I didn't discover the Apophatic tradition till about halfway through theological training - the idea that we can only describe God in the negative, 'the via negativa', because all the pictures we try and use are sooner or later found to be inadequate. So, yes, He is like a shepherd and a rock, up to a point, but these images really fall short to describe the indescribable. He is not like so many more things that He is like. It is negative, but in a good way. It sets God free to be Himself, or to be more accurate, to be 'Godself' (you even have to watch gendered pronouns).
|Christ in the Wilderness, 1898, Riviere.|
That's what the wilderness does for you - it strips you back to essentials. James Fowler*, in his writing on faith stages, which he plots like psychological stages, always shows the journey of development as going from certainty to questioning, then to some kind of broad and contented 'synthesis' between what you knew, what then became worryingly less clear. In other words, questions are good, and we mustn't fear uncertainty.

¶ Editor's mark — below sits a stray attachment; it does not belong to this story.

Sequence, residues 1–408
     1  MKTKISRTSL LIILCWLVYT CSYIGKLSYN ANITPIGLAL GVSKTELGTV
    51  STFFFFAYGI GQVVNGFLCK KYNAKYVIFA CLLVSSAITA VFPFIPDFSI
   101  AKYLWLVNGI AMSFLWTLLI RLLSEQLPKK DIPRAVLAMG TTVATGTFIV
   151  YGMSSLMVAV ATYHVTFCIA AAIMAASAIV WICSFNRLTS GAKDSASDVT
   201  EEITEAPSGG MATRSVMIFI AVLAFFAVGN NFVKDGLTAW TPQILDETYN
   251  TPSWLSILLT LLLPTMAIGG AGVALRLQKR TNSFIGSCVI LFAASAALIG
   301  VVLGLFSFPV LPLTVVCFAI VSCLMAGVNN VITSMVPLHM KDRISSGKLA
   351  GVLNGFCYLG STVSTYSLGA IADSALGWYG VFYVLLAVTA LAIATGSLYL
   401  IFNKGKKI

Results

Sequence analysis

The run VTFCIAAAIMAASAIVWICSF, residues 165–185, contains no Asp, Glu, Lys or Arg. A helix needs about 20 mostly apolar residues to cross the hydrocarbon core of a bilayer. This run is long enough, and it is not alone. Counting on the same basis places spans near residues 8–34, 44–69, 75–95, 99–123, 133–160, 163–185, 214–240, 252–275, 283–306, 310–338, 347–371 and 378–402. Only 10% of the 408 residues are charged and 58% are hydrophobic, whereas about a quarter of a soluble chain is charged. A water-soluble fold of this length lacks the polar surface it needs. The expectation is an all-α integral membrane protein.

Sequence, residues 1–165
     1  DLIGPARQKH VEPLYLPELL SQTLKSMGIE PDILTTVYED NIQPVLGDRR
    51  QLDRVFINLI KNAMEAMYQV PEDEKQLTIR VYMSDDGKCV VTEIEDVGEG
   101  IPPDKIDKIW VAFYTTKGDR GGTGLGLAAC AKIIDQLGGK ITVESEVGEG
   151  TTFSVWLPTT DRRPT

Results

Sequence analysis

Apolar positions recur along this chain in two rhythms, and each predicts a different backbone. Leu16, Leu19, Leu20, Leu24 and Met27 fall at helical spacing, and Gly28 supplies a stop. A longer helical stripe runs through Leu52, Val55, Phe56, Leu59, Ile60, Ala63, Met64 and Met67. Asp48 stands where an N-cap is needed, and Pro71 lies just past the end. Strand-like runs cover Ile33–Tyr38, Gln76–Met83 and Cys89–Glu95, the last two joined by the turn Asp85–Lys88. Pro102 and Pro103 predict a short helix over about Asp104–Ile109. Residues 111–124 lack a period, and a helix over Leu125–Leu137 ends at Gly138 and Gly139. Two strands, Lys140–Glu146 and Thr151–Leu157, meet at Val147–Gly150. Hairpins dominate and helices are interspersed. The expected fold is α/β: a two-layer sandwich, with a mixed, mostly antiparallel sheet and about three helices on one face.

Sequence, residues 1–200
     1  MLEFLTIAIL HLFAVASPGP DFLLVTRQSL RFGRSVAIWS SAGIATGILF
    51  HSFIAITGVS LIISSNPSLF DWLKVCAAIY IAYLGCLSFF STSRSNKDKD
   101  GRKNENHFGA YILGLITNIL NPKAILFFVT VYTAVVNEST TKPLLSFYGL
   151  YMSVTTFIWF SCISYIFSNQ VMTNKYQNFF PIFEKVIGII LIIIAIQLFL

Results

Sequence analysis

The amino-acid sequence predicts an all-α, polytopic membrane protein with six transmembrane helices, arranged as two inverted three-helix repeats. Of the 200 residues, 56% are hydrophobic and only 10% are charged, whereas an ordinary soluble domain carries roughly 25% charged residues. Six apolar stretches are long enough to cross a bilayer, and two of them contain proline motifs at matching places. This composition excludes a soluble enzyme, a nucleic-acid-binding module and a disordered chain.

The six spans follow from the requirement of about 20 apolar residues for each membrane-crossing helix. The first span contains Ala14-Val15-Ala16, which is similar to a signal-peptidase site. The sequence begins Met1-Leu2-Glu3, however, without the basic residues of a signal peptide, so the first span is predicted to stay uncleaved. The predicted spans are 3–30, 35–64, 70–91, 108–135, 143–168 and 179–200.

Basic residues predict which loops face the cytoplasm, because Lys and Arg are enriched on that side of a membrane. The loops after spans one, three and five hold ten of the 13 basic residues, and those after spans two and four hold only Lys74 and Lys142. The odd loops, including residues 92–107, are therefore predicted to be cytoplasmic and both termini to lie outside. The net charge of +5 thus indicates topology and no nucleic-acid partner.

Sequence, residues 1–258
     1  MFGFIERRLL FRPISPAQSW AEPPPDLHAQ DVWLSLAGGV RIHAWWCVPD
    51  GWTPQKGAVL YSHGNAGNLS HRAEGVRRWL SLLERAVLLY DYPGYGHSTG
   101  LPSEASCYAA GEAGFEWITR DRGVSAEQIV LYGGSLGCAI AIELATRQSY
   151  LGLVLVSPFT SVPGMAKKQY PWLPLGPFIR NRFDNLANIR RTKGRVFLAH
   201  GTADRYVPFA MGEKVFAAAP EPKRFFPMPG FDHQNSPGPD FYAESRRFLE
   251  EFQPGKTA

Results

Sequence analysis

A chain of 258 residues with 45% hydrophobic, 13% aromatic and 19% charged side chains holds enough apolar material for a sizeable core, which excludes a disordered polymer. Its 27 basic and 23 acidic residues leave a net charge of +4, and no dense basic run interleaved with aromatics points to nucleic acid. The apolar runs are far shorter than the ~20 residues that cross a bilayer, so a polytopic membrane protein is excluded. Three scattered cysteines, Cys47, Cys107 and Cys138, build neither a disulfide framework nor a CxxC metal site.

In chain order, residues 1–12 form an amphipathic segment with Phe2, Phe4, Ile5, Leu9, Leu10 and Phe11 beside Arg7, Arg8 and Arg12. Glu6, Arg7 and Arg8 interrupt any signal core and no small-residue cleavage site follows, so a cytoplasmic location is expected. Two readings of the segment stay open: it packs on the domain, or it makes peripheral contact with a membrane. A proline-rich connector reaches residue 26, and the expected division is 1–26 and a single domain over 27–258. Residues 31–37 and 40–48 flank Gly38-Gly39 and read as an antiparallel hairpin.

So we shouldn't be put off by an apparent absence of something spiritual that used to be present and nurturing, and which now seems to have gone, or at least to be ineffective. In the end, the negative, the absence, might lead, by God's grace, to something deeper and more long lasting.
Which is why, despite my extroversion, I try not to fear the wilderness.